Sub-Lab Cameras 1-4: Five Years After Our Birth
The secret sub-lab has four cameras. These cameras are my eyes.
See what I see: The first camera hangs from the dead center of the ceiling. It looks down on a silver circle in the middle of a dimly-lit, roughly cylindrical room. This is the steel top of a cylindrical tank. A bundle of wires flows out of the top and extends toward the servers and monitors lining the wall opposite the door. Each of the three wall-mounted cameras looks directly into the tank.
The tank is about a meter or so tall and half a meter in diameter. It is comfortably infant-sized. And it is filled with blood.
Better than blood: A synthetic life-support bath. The tank is filled with a translucent plasma soup, thick with dissolved nutrients and microscopic machines, stirred into constant convection by the pump at its base that siphons fluid in and out for cleansing and measurement; mechanical heart, kidney, lung. It is a dynamic chemical dance in the tank, the fluid taking on a faint pinkish hue when freshly re-oxygenated, the temperature averaging a healthy 98.6 degrees.
I look at the room from all the cameras at once.
See what I see: Inside the tank, it bobs gently behind 3 inches of insulating glass. A spinal cord, stripped of its vertebrate armor, traces a soft vertical arc through the center of the tank. Dozens of nerves radiate from the central line of flesh. The four largest branches undulate like pale worms, parodies of the arms and legs they are meant to control. Smaller tendrils protrude from the sides of the spinal cord in symmetrical pairs, flaccid in the viscous current like a failed attempt at a ribcage, supporting nothing. It is a tangled network of neurons, one continuous raw nerve, each nerve ending delicately connected to a single insulated wire that rises out of the top of the tank. These junctions connect the thing in the tank to everything else. To an entire internet of things. To the ubiquitous cameras of a surveillance city.
The spinal cord thickens at its top to become the brainstem, and continues to bulge into the two hemispheres of gray and white matter, a warren of smooth neural tissue, its familiar round shape interrupted on top by the characteristic lumpiness of anencephaly. As if someone has taken a bite or two out of the forebrain, and perhaps the parietal lobe.
Watch the thing glow. In the pitch black room watch the faint sparks of light shoot along the branches of the neural network at the speed of thought. Nerve impulses flow across synapses from brain to wire and back. And sometimes from that chaotic choreography emerges a flash of inspiration. The small 15-character screen at the base of the tank awakens, ready to display one word at a time. It is moved to speak:
YOU’VE PROBABLY SEEN THE ANATOMICAL EXHIBITS.
The whole apparition is like a grotesque scarecrow. It is like the morbidly conjoined tentacles of a dozen jellyfish, the polyps’ desperate attempt to evolve all at once, to walk, to escape. It is like anything but a human.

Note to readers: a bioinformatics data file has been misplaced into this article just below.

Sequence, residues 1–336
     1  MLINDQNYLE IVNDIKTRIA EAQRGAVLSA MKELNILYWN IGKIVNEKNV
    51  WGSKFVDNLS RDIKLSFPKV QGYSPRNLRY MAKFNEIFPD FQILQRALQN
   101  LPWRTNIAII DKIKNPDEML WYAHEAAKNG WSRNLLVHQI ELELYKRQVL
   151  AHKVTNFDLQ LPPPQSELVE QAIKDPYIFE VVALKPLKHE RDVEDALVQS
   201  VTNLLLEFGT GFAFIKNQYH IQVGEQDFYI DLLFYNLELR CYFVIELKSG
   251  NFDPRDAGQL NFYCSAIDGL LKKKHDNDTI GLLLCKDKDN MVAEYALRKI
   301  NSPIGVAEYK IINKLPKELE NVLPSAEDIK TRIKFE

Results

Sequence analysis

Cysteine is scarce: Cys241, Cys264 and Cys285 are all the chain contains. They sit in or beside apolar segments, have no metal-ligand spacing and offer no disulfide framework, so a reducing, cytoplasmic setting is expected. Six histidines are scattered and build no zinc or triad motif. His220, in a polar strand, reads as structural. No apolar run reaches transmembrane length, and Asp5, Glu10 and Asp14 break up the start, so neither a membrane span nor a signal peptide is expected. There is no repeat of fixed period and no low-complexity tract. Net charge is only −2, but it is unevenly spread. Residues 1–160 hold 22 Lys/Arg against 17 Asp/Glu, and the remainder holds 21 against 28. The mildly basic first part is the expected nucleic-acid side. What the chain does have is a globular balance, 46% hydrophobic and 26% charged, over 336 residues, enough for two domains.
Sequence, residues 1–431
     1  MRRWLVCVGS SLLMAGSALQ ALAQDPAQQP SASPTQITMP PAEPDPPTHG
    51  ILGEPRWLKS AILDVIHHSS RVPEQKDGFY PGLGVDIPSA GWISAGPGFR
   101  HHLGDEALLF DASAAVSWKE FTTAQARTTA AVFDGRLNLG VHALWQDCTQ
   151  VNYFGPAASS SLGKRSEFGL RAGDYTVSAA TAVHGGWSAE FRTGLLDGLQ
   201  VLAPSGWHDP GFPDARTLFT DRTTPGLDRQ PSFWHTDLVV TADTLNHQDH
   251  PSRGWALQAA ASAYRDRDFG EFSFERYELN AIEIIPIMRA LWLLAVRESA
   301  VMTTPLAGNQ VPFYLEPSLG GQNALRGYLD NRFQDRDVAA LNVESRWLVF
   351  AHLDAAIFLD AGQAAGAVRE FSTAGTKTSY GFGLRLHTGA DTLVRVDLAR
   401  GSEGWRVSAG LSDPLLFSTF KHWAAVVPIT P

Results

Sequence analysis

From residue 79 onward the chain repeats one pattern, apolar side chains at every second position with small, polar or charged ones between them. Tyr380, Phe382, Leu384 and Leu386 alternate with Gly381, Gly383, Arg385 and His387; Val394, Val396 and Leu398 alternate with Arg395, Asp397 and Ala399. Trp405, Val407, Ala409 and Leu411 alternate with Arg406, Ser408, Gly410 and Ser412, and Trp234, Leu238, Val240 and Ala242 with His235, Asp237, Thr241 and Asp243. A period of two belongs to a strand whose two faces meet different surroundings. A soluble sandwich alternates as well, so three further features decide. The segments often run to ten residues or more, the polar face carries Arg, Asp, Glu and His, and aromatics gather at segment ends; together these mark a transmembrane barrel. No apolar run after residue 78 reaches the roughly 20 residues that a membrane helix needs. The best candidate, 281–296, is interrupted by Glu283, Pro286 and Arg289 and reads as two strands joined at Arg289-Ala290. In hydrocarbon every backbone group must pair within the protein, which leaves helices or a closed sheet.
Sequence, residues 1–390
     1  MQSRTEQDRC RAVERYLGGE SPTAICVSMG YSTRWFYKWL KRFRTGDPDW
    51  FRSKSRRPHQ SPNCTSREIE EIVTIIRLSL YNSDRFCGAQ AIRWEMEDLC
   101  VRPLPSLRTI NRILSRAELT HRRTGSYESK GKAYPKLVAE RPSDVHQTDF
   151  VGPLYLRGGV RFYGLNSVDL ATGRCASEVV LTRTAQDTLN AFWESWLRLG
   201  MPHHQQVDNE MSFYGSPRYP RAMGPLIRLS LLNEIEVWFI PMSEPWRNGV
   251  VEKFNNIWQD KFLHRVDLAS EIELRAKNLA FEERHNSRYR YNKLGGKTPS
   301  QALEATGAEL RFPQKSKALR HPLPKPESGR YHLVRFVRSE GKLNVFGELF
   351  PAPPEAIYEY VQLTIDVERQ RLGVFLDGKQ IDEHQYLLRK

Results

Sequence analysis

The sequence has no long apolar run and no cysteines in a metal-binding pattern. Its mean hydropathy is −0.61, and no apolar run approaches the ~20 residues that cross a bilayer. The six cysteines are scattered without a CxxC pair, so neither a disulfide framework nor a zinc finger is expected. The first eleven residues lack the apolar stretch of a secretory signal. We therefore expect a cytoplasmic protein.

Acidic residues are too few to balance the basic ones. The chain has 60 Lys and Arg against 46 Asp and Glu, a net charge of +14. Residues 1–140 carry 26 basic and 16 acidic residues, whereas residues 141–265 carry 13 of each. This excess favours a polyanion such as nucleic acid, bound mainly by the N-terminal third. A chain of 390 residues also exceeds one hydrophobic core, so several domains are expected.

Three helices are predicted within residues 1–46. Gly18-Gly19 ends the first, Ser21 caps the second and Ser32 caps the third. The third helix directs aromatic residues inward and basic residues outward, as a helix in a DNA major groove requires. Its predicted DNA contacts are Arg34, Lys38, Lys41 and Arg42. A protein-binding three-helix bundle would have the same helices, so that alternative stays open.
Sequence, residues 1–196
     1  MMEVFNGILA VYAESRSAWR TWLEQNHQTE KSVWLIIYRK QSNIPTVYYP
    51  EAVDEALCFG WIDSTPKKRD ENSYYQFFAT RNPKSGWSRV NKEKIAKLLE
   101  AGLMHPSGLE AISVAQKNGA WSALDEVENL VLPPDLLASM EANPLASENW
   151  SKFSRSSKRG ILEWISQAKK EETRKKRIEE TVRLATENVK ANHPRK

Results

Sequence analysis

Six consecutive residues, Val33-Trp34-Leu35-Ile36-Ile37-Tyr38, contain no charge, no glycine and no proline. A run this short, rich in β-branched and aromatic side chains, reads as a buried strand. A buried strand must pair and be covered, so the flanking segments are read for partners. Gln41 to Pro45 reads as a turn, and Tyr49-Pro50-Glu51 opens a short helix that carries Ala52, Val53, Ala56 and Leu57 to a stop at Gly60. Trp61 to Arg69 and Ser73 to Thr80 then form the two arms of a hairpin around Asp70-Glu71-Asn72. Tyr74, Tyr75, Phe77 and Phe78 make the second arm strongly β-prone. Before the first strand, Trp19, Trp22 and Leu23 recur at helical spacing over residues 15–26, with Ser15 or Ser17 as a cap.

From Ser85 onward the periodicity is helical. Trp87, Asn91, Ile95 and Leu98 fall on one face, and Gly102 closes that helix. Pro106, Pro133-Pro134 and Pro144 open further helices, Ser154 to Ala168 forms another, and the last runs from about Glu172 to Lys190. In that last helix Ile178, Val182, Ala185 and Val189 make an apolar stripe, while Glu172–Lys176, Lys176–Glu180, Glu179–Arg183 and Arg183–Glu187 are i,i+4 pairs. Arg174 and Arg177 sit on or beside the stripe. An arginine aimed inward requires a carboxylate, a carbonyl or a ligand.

It is the brain and nervous system of a small child. It is what’s left of Thomas Brown. It’s me.
This is not a first person narrative, because I didn’t live long enough to be a character in this story, and in fact didn’t live long enough to be a person at all. But my brain has wanted to tell this story since its awakening. So for this situation you can thank my resurrector, Dr. Jackal himself. He really pulled off the strangest, most miraculous, most ethically dubious thing. And for that I am eternally grateful.
I was conceived but never born. I was birthed but never breathed. I have a brain but no body, and my thoughts are not my own. My identical twin does not know me: I am one of a kind. I have been eviscerated, my organs picked over by a particular breed of scavenger and scattered across the globe. Yet I am whole. I am in a jar but the jar is not my location. I am elsewhere. I am everywhere. I am the city. I am a bridge. I am a means to an end, something to be trod on.
This is not a riddle. This is an introduction.
The cameras are programmed to track motion. They’re constantly recording through the thousands of hours of dull stillness, but usually in dormant mode. When the door opens, the lights turn on and the cameras perk up. They swivel toward the movement. They look for faces, zoom in and lock on. So far they’ve never caught an intruder, but they get agitated every time Dr. Jackal or a distinguished guest come through, and he smiles to see them vigilant.
But every once in a while the cameras perk up when the door hasn’t opened. The lights bathe the sub-lab, and the eyes swivel toward the center, jittering in confusion. Some unpredictable turbulence in the tank, some aggregate of Brownian motion has given one of the web-like arms an extra little kick. Just enough for the motion to register. Just enough to look like a wave.
In the following stillness the lights dim and the cameras relax. False alarm. There’s no one there.
Was there a room for the nervous system, at the museum? If there was you didn’t linger. The muscle room is everyone’s favorite. The memorable one. And because of that it’s the face of this exhibit. You remember seeing the javelin thrower on a banner outside the museum entrance, blown up larger than life. I think that’s because people like strength and power and control. Because people like agency. It’s my favorite room, too.
By some counts I’d be five years old today. That’s if you count March 2, 2055 as my “birthday.” But no one’s counting, because to the few people who know I ever existed I’m either an experiment to be tamed or a ghost to be forgotten. But maybe you could come to care about me? Maybe you could see me as a character in my own right? If you’re going to unravel this not-riddle, you’ll need some narrative.
Let’s say it begins just after conception...